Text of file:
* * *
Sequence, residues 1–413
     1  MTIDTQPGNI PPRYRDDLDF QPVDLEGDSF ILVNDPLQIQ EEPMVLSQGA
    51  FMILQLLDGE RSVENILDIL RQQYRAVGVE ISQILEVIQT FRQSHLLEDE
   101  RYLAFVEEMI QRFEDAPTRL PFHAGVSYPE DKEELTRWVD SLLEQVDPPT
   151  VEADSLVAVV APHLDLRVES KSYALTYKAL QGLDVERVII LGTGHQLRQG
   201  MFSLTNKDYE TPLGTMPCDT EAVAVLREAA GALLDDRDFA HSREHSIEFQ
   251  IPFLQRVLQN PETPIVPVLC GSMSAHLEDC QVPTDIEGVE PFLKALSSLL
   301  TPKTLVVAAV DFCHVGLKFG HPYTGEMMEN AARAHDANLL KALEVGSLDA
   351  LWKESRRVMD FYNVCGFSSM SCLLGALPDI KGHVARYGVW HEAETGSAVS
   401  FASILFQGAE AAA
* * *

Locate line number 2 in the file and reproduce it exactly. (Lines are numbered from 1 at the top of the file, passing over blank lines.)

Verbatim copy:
     1  MTIDTQPGNI PPRYRDDLDF QPVDLEGDSF ILVNDPLQIQ EEPMVLSQGA